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Shifting breast cancer surveillance from current hospital setting to a community based setting: a cost-effectiveness study

  • Kelly M. de Ligt1, 2Email author,
  • Annemieke Witteveen2,
  • Sabine Siesling1, 2 and
  • Lotte M. G. Steuten3
BMC Cancer201818:96

Received: 13 February 2017

Accepted: 16 January 2018

Published: 24 January 2018



This study explores the effectiveness and cost-effectiveness of surveillance after breast cancer treatment provided in a hospital-setting versus surveillance embedded in the community-based National Breast Cancer Screening Program (NBCSP).


Using a decision tree, strategies were compared on effectiveness and costs from a healthcare perspective over a 5-year time horizon. Women aged 50–75 without distant metastases that underwent breast conserving surgery in 2003–2006 were selected from the Netherlands Cancer Registry (n = 14,093). Key input parameters were mammography sensitivity and specificity, risk of loco regional recurrence (LRR), and direct healthcare costs. Primary outcome measure was the proportion true test results (TTR), expressed as the positive and negative predictive value (PPV, NPV). The incremental cost-effectiveness ratio (ICER) is defined as incremental costs per TTR forgone.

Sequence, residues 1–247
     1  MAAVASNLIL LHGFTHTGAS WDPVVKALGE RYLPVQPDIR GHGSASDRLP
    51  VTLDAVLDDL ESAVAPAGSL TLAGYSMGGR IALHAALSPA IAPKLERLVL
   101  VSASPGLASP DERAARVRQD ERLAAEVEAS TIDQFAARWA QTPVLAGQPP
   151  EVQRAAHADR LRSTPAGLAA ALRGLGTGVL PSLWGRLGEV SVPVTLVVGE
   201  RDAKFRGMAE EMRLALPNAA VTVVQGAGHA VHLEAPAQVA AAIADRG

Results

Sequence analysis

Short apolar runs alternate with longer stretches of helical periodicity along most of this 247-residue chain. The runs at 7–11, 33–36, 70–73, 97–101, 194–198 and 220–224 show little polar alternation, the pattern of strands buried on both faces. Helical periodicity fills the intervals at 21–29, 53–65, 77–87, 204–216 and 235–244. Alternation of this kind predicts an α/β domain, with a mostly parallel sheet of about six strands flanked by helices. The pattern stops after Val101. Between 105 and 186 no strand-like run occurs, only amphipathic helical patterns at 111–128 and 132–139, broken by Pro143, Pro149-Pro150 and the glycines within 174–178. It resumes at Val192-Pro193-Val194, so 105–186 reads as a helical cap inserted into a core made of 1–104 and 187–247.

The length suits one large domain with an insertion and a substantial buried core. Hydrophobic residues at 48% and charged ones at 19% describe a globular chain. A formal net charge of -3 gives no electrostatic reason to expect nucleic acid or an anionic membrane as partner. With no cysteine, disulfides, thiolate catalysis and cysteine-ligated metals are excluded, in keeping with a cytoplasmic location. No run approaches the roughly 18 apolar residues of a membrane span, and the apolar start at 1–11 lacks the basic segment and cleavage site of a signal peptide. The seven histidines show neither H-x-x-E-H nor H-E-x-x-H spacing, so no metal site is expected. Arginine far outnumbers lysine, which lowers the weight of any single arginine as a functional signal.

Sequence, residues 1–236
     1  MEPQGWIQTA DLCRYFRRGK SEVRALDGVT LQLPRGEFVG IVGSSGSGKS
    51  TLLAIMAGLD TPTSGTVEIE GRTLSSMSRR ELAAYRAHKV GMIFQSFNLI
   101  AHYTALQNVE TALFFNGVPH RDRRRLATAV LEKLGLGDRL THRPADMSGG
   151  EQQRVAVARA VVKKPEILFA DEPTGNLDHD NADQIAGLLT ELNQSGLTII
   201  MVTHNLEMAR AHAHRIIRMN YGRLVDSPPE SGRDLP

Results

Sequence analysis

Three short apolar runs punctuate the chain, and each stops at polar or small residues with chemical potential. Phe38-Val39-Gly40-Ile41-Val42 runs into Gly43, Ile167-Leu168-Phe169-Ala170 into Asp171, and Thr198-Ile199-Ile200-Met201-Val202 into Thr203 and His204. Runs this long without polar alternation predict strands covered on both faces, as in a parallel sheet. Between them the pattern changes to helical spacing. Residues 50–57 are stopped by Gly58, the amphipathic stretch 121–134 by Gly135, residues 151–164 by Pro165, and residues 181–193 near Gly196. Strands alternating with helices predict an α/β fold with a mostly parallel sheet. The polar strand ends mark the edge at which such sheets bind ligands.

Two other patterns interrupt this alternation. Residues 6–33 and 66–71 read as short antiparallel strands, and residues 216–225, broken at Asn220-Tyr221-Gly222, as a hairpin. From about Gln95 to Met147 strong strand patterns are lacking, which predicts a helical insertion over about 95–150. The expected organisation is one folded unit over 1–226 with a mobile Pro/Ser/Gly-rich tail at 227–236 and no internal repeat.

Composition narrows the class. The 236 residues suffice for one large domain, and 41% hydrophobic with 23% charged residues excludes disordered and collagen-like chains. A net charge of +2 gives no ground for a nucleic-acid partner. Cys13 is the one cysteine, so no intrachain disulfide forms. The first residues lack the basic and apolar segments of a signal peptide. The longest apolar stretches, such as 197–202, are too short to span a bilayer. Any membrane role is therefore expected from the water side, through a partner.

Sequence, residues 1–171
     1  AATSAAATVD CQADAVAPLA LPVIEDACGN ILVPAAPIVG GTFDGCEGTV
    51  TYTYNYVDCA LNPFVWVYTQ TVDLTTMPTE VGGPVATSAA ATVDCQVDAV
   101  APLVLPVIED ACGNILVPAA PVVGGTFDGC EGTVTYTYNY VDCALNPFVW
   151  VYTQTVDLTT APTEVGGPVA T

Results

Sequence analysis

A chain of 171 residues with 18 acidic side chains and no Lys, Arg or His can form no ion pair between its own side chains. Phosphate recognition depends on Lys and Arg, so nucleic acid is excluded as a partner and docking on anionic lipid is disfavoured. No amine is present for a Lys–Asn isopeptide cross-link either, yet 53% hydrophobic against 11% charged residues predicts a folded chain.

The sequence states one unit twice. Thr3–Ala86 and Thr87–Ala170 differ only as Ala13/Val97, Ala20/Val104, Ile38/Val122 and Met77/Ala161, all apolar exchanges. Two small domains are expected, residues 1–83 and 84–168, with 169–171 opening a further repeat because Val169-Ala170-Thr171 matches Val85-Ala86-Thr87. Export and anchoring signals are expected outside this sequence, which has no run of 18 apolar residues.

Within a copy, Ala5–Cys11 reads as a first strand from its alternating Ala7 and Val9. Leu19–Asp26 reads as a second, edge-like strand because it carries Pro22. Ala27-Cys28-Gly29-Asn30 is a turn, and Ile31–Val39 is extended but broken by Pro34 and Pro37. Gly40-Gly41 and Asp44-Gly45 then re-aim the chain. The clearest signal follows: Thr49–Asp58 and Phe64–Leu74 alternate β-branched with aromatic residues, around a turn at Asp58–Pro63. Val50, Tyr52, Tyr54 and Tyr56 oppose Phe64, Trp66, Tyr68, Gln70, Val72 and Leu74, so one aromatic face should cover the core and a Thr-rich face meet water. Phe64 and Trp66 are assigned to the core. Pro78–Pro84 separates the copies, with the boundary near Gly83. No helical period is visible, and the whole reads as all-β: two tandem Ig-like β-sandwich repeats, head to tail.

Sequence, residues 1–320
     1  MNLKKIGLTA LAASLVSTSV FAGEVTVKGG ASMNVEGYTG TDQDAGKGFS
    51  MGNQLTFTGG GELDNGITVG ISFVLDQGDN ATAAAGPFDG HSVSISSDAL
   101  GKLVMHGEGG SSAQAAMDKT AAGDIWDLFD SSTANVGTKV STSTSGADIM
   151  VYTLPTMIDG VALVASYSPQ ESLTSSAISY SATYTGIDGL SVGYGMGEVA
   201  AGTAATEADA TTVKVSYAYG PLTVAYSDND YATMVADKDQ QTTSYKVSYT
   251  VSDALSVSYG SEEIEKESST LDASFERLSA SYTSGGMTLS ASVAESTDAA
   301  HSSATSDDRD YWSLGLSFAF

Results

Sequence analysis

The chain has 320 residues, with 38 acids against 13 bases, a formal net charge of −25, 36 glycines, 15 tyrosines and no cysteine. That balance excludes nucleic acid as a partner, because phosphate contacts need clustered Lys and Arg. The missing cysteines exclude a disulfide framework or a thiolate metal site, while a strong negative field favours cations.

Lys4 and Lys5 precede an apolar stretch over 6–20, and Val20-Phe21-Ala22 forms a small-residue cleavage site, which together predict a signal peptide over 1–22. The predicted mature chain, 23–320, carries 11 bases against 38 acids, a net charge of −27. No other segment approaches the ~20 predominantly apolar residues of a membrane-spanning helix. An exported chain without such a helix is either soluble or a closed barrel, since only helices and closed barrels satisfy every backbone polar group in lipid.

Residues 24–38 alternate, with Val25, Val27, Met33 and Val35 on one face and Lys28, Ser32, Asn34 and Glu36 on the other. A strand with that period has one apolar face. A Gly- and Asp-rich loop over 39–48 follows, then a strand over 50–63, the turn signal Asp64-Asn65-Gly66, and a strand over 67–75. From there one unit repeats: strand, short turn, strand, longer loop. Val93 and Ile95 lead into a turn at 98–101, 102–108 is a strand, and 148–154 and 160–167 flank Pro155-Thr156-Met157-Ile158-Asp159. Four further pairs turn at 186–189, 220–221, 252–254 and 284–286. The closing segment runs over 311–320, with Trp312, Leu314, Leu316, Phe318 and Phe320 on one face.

For the NBCSP-strategy, 13,534 TTR (8 positive; 13,526 negative), and 12,923 TTR (387 positive; 12,536 negative) were found for low and high risks respectively. For the hospital-based strategy, 26,663 TTR (13 positive; 26,650 negative) and 24,883 TTR (440 positive; 24,443 negative) were found for low and high risks respectively. For low risks, the PPV and NPV for the NBCSP-based strategy were 3.31% and 99.88%, and 2.74% and 99.95% for the hospital strategy respectively. For high risks, the PPV and NPV for the NBCSP-based strategy were 64.10% and 98.87%, and 50.98% and 99.71% for the hospital-based strategy respectively. Total expected costs of the NBCSP-based strategy were lower than for the hospital-based strategy (low risk: €1,271,666 NBCSP vs €2,698,302 hospital; high risk: €6,939,813 NBCSP vs €7,450,150 hospital), rendering ICERs that indicate cost savings of €109 (95%CI €95–€127) (low risk) and €43 (95%CI €39–€56) (high risk) per TTR forgone.